Steady growth in consumer spending, spurred by increasing disposable income and job creation, has helped fuel the Texas economy over the last 15 years, according to a new report by the U.S. Commerce Department's Bureau of Economic Analysis.
The government released Thursday its inaugural report analyzing consumer spending data by state, which reveals the nation's uneven recovery from the Great Recession. The report considers data from the calendar years 1997 through 2012.
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North Dakota led the nation in 2012 with a 9.2 percent increase in per capita personal expenditures, compared to a 3.3 percent advance nationally. Texas, Oklahoma and Utah followed, with gains in consumer spending of between 4 and 4.2 percent, suggesting that the boom in hydraulic fracturing has stimulated greater overall spending in areas where the oil and gas drilling method is taking place, said James Galbraith, an economist at the University of Texas at Austin.
"Fracking probably accounts for a fair share of the difference between Texas and other states. One 'tell' that this is due, in good part, to the fracking boom, lies in the fact that Oklahoma is also a fast-growth state. Also (North) Dakota," Galbraith said.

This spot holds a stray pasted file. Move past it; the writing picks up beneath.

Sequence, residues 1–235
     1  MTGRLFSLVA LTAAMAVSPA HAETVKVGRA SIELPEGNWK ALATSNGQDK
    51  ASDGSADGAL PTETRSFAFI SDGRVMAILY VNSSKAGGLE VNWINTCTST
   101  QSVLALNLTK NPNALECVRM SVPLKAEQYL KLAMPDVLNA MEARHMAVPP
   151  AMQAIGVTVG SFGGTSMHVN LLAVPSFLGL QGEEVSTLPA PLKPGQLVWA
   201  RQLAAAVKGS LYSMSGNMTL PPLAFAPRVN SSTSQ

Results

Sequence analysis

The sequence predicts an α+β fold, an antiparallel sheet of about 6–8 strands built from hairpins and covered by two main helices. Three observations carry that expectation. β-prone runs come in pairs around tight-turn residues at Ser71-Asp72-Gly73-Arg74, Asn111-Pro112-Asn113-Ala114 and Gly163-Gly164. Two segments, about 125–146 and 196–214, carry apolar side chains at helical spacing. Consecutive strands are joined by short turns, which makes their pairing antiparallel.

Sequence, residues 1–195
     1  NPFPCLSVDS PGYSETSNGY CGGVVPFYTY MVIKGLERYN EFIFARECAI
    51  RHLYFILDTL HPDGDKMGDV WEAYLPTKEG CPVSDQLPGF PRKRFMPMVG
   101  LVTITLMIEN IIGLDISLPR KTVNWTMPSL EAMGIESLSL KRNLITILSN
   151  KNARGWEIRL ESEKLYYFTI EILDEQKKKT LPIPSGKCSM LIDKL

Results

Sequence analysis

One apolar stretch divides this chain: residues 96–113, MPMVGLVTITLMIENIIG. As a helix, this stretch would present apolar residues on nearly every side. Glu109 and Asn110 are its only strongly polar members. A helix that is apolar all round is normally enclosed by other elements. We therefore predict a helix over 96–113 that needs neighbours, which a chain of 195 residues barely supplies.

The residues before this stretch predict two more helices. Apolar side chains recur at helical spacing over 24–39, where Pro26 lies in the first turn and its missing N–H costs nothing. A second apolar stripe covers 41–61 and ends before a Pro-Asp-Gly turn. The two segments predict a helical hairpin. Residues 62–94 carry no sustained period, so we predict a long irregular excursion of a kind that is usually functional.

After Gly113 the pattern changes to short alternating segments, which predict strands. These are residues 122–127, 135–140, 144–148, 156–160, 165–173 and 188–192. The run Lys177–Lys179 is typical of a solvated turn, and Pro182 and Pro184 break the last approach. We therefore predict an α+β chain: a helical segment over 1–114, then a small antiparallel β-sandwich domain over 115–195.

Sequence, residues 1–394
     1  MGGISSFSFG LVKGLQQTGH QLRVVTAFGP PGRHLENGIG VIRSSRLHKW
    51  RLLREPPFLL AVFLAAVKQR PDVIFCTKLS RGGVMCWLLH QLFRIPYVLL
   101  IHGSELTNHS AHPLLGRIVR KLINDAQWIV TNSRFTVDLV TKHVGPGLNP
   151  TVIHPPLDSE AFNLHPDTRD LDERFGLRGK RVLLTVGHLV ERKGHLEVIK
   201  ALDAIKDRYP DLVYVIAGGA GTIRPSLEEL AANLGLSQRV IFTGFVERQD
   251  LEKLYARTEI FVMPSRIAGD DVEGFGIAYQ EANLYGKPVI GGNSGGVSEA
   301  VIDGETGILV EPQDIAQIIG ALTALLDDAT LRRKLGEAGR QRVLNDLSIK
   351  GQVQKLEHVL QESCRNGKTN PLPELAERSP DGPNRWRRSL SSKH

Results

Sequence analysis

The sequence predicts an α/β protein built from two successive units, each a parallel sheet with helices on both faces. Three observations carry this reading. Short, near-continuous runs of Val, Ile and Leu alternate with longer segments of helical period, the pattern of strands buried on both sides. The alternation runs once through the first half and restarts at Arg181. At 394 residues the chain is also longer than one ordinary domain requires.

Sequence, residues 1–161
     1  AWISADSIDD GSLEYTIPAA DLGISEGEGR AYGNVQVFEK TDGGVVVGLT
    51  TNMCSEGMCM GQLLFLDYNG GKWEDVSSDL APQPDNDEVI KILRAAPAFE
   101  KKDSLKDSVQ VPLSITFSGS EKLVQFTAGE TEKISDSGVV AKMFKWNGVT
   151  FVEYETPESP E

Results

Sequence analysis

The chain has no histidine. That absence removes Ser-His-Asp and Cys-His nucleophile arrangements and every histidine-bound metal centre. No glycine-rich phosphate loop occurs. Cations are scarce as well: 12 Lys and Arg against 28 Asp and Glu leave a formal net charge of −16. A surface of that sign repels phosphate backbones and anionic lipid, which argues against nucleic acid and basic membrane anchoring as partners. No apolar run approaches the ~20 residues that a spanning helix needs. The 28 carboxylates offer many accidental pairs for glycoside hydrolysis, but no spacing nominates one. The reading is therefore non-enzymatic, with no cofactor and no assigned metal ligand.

In Texas, personal expenditures rose in tandem with disposable income.
"The Texas economy has been on a bit of a tear," Dallas Federal Reserve economist Pia Orrenius said. "It's very related to the mini oil boom," she said.
Texas has led the nation in job growth, with high labor demand boosting incomes.
Per capita spending in Texas rose 4.1 percent from 2011 to 2012 on the strength of autos and auto part sales and transportation services, including oil and gas tankers, trains and trucks carrying drilling equipment. A pressing shortage of truck drivers statewide has resulted in huge increases in compensation for drivers and other service providers to the energy sector.
Texas consumers spent more on cars, auto parts, gas and energy products when compared to the three other states with the largest populations — California, New York and Florida. And Texas consumers spent more than twice what New York did on cars and parts.
Conversely, of the four states, Texas consumers spent the least on housing and utilities — second only to Mississippi — and about 57 percent of what Californians spent on health care.